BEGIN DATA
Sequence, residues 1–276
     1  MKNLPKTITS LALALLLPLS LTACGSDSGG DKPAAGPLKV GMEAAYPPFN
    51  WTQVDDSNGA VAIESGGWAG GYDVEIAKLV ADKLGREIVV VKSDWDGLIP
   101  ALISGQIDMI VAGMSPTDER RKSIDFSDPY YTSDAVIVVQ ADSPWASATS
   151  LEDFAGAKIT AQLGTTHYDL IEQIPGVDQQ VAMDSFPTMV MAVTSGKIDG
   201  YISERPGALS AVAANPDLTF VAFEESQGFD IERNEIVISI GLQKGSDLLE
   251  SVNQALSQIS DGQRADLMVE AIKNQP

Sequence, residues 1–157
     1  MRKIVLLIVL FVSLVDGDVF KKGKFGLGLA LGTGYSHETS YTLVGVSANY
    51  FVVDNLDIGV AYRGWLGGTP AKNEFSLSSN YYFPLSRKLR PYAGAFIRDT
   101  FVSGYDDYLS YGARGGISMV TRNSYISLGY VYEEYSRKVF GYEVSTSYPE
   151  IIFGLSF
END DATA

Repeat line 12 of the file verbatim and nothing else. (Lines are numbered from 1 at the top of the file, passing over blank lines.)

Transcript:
   151  IIFGLSF